Sunday, December 15, 2013

Never Let Edmund Gosse Arrange the Seating Plan for Dinner!

I found these two accounts of a dinner party, here, and just had to share because I don’t want to forget about them. The dinner party took place on 25 July 1888 at the Criterion, when the Society of Authors held a dinner for some American writers, including Henry James. Some of the British writers in attendance included Wilkie Collins, Walter Besant, Oscar Wilde, and Edmund Gosse.

With all of these important people present, Gosse was in charge of the seating arrangement.

In his writing, Wilde made some dinner parties seem like adventures. According to this account, by the secretary of the society, James Stanley Little, Wilde had a knack for doing that in real life too (though not all adventures are entirely pleasant)!
When I arrived at the Criterion another difficulty presented itself. I was immediately confronted by Oscar Wilde who, in his inimitable manner, upbraided me for having seated him at the table next to Lady Colin Campbell [who had recently referred to Wilde as ‘the great white slug’]. As I turned away with the assurance I would see if I could re-shuffle the name tickets, Lady Colin approached me with bitter reproaches on her lips, she being no less dissatisfied with her neighbour. Both being Irish, it may be imagined that their descriptions one of the other did not lack picturesque vividness. I had no previous knowledge, of course, that there was an old-standing war to the knife between these two. Well I had to keep smiling, welcoming guests, introducing, etc., though I was suffering the tortures of the damned, and how I got through that dinner without collapsing is a mystery to me to this day.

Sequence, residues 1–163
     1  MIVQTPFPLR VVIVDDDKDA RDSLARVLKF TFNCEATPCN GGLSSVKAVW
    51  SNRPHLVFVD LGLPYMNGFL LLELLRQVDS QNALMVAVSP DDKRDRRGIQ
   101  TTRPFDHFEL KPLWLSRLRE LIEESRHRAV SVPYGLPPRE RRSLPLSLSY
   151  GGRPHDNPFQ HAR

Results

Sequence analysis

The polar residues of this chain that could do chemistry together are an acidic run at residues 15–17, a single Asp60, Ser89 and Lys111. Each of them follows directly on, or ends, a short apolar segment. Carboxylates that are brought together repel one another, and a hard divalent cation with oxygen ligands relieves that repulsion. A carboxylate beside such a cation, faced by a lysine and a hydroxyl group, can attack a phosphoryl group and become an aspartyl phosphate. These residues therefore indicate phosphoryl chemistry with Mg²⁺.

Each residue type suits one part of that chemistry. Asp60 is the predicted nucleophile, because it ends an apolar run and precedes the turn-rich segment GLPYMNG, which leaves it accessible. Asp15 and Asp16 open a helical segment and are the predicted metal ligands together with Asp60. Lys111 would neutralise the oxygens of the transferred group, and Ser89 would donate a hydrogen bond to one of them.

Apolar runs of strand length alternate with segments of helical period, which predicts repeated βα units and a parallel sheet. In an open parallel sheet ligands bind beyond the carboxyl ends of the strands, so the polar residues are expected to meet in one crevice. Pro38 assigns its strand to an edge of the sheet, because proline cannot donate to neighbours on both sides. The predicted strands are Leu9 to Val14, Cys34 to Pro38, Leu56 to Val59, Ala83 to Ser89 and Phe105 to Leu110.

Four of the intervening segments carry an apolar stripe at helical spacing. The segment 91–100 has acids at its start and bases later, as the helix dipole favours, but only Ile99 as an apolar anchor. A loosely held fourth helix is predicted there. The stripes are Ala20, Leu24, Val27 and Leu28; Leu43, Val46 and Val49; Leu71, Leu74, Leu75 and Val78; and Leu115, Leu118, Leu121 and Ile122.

Like all good adventures, I’m sure Little looked forward to the dinner; he clearly regretted it, while it was happening; and thought fondly of it after the fact. The next day, he wrote to Besant:
We scored a brilliant success last night. The reports and leaders in this morning's papers are, I think, all that could be desired. The various American guests expressed to me their feeling of satisfaction and I believe the evening went off without a hitch ... I don't know how far the dinner was successful from a culinary standpoint, as I was only able to eat the devilled lobster which was certainly admirable.
However, Wilde would later recommend to Little:

I can only hope that if the Society gives another banquet the arrangement of the guests will not be left to a person like Gosse.

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